WASHINGTON, DC: Next year's US presidential election is expected to see significantly increased spending on digital advertising, but insiders have suggested some of the ad tech firms descending on the nation's capital are likely to be disappointed.

"The number of third parties setting up shop is crazy," said Zac Moffatt, CEO of Targeted Victory, a Republican digital media-buying agency.

"There are a lot of leases being taken out, but I'd be concerned," he told AdExchanger. "Some of those offices are going to end up with tumbleweed blowing around."

Despite the fact over $1bn is predicted to be spent on digital marketing by political advertisers in 2016, he maintained, "There's a disconnect between the number of people trying to get in the door and the size of the market as it currently exists, and that's going to be a tough squeeze for some people."

On the Democrat side, Nate Lubin, the 2012 digital director and, until recently, director of digital strategy at the White House, questioned whether some ad tech vendors were suitable to operate in the political space.

The way campaigns are structured – around fundraising, volunteering and get-out-the vote drives – does not necessarily lend itself to the latest marketing technology, he suggested.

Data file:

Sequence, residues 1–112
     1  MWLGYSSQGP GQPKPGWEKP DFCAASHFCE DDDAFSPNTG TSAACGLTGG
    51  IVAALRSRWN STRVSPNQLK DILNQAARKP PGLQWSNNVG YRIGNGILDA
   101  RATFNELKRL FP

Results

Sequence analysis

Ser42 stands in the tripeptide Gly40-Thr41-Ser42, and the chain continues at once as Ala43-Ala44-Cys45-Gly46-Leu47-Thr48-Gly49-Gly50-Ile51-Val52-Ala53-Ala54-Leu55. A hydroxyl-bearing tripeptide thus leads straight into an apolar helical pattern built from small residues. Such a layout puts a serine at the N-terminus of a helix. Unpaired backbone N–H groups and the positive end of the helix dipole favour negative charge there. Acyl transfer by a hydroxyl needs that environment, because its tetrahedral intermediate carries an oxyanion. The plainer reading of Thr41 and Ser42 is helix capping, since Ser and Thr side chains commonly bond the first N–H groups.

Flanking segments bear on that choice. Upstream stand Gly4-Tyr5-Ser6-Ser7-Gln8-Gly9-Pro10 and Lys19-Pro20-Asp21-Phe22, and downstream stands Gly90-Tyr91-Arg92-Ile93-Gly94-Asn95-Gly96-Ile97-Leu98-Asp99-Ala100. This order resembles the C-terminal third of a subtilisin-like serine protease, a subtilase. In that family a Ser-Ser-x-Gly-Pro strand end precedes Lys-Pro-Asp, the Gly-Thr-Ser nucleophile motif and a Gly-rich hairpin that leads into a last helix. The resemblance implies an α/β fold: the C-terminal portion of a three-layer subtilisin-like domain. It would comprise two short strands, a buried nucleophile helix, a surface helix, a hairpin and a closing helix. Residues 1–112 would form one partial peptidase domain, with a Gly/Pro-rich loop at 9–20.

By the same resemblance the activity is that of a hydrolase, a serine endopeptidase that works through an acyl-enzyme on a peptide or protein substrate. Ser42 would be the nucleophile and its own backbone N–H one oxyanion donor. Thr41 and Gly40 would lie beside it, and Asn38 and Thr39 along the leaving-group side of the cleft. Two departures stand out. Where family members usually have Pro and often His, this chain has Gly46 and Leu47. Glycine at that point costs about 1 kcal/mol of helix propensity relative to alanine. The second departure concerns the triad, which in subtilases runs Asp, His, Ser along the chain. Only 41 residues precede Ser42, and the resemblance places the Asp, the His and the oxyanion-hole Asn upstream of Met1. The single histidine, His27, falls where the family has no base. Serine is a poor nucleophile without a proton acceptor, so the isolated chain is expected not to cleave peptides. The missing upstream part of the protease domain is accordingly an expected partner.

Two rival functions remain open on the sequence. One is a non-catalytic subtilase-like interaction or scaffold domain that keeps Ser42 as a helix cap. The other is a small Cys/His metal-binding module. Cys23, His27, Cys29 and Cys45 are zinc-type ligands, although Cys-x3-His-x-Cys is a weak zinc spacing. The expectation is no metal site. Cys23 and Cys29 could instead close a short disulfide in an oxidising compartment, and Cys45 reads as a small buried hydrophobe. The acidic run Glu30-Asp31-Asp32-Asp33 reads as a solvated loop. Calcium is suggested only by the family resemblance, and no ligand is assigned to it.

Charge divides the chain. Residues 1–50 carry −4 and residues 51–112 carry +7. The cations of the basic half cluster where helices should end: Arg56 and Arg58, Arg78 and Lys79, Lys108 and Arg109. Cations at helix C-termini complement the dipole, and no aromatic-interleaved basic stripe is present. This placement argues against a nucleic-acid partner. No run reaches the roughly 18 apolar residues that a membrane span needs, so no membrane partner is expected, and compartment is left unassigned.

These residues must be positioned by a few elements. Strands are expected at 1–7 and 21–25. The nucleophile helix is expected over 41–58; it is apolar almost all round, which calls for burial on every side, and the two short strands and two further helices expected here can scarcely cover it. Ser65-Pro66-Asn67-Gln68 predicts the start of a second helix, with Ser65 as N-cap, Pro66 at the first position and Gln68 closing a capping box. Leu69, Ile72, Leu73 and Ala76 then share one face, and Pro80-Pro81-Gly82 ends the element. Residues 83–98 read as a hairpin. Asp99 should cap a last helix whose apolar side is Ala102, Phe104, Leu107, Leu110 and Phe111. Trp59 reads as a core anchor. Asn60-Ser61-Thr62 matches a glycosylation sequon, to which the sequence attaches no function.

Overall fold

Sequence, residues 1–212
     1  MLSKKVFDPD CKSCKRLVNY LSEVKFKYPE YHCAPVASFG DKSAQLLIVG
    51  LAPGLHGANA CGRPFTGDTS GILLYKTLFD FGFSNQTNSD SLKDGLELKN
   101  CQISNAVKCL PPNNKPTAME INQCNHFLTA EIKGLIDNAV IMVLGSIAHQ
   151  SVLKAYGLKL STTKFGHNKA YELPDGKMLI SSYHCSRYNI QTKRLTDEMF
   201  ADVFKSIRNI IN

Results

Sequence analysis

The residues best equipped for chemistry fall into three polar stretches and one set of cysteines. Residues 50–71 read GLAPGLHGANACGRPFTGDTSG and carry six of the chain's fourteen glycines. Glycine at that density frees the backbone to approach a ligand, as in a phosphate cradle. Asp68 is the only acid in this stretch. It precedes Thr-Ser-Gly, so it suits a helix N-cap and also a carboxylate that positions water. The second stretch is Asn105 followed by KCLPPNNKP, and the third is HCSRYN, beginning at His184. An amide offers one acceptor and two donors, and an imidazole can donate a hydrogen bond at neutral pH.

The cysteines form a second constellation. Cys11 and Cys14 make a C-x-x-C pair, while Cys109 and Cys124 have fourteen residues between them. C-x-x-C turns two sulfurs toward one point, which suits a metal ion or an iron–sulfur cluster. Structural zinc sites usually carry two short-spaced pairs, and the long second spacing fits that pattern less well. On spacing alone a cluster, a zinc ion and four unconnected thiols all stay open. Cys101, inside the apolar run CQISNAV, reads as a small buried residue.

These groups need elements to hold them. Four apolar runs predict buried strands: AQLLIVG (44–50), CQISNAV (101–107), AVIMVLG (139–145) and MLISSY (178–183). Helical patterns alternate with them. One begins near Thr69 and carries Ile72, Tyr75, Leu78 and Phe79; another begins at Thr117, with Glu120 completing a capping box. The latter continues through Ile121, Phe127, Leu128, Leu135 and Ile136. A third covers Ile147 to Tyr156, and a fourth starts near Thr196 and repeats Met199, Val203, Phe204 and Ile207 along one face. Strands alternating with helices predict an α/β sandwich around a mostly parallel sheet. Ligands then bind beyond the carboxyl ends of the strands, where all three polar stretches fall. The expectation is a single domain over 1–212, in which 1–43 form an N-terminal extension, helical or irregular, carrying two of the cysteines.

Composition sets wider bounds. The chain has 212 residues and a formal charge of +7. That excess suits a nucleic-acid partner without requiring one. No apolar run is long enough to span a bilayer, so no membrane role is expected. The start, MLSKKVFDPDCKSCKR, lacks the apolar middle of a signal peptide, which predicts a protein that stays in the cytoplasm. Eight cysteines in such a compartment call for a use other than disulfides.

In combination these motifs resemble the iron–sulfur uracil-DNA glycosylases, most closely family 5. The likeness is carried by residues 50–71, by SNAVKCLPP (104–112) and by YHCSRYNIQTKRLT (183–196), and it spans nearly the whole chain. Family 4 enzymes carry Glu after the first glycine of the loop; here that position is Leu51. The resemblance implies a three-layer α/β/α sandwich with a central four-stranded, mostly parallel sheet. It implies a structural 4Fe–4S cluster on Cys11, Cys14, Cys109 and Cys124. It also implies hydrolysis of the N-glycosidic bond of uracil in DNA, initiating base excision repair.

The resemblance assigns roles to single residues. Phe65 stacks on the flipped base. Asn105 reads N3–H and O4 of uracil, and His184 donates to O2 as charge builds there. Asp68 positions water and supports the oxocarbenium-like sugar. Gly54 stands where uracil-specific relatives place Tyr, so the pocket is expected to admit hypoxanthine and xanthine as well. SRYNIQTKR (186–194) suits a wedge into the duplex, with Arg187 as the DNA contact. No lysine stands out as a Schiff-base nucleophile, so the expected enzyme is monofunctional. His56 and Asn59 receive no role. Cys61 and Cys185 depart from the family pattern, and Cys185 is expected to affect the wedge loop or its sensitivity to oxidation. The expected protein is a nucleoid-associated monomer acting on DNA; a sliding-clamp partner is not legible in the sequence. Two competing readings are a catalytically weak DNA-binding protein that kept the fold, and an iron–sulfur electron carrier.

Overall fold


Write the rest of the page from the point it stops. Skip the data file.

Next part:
Another difference highlighted by AdExchanger is the relative centralisation of party machines.

Thus, Democrats tend to see more advertising resources channelled through the candidate's campaign, while on the Republican side, more goes through fundraising committees known as super PACs.

And there is also the legacy of 2012 to consider. "Data and optimisation was a pillar of the Obama campaign, and that's been baked into the whole organisational structure on the Democratic side," said Lubin.

There is no such continuity on the Republican side, however, where Moffatt faces a struggle to divert spending from television into digital channels.

"Campaigns and political groups still haven't fully embraced digital media," he said. "They'll use DoubleClick, Facebook, platforms they can't do without, but others are going to have to find new ways to demonstrate ROI."

Data sourced from Ad Exchanger; additional content by Warc staff